Does anyone know of a bar or restaurant in downtown Athens that will be televising the game? Last time we were on PPV, I was told that the bars downtown didn’t carry PPV games, but that was four or five years ago. I still may be able to get tix, but I won’t know until gameday and I want to have a backup plan just in case.
Any suggestions? Help is much appreciated.
Tell us how much better the current system (without a small playoff) will be when we finish 10-2 and arguing that we should be ahead of an 11-1 Ohio St for the right to play USC in the title game. If you do not mind this- then that is fantastic.
I’ll put it to you this way, that scenario bothers me a lot less than these two realities:
— A six loss NY Giants team winning the NFL championship by beating an undefeated team in the Super Bowl to which it had already lost in the regular season.
— Any discussion about which mediocre D-1 basketball team is fighting for that key win in the last week of the season to garner a 12th seed in a national title tournament ahead of a bunch of other mediocre teams.
For the hundredth time, as a general principle, I don’t have a problem with a small D-1 football playoff. I do have an enormous problem with an extended playoff. And I bet going forward from this point on, ESPN and CBS do too.
Do you think CBS and ESPN made this deal with the assumption that there will be no playoff over the next 15 years. Puhhhhlease.
You are jumping to some big conclusions here. SEC football is popular and IMO, would be just as popular if there were a playoff.
– A six loss NY Giants team winning the NFL championship by beating an undefeated team in the Super Bowl to which it had already lost in the regular season.
But based on your theory, wouldn’t that mean the NFL should be less popular due to this?
If it’s apple and oranges, it’s pretty hard to say the importance of the regular season has any bearing whatsoever on the current contract.
Do you think CBS and ESPN made this deal with the assumption that there will be no playoff over the next 15 years.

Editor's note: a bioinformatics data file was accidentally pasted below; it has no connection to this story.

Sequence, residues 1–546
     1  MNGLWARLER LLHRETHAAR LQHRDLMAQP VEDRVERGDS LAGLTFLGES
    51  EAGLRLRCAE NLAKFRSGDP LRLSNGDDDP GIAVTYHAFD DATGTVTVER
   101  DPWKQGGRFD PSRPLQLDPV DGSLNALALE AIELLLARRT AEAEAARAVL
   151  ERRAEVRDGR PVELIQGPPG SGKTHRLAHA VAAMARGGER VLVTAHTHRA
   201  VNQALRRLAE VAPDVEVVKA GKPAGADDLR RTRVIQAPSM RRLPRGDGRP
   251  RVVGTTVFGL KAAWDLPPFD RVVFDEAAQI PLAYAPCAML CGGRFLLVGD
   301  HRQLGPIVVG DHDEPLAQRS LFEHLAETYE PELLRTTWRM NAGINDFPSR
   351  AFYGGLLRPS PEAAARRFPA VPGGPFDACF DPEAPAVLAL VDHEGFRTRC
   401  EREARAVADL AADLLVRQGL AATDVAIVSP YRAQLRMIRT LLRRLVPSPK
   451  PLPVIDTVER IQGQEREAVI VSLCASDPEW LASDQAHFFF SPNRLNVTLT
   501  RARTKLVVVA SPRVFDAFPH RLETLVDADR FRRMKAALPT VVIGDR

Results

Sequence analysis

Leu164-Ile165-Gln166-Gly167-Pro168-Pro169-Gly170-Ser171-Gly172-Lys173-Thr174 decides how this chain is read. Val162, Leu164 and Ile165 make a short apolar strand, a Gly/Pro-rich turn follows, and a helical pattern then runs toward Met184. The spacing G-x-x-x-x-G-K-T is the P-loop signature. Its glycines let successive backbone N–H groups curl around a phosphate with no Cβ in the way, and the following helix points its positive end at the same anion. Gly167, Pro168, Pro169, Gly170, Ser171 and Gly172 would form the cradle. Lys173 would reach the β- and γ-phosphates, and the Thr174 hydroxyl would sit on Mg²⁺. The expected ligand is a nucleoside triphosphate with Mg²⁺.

Where did I say that?
Senator, I don’t know what your definition of a “small D-1 playoff is” but I am strongly in favor of an 8 team (no larger one is needed for reasons of credibility) which would include the 6 BCS conference champs and the next two highest rated at-large teams nationally. In no way does that threaten the regular season, and no one has yet shown me how it does. The argument that it would grow is apples and oranges to me. It only grows if the member schools allows it. Not voting for this concept because of something that hasn’t yet happened, and cannot unless you permit it,, it is ridiculous. Set the rules for the playoff and play by them. If you don’t make it, tough. Every team would then control their own destiny and the arguments about strength of conference and schedule is diminished substantially. I think that can only enhance the appeal of the product. Yes, there would still be someone argue about who is number 7, or number 9……yawn. Those debates would only be heated on 2-3 campuses, and all of them could look in the mirror and say we had our chance to win the conference and not subject us to the political rankings at the end of the season.
Under that concept, the regular season would be just as heated EVERY week as it is now, perhaps more so. Joining an exclusive clubs of just eight would inspire better play, not worse. Think about how difficult it is to finish in the Top 10. And I don’t see a six loss team winning a conference title, you would have to show me if that has ever happened in the history of CFB.
As to ESPN’s control over length of the games, where is that? The NCAA member schools control the product, and ESPN has already inked the deal. To my knowledge there are no provisions that would give ESPN any more influence than they currently have. They signed up for the product the way it currently is, and the way it is trending. The powers that be should never reduce what the fans are paying increasingly more dollars for. They tried that two years ago and got blasted.
Sam’s proposal is a terrible one, particularly because if the conference champs got an automatic bid to the playoffs, every BCS conference team would immediately strip any competitive nonconference games out of their schedule. If winning the conference gets you to the Big Dance automatically, strength of schedule thereby means nothing.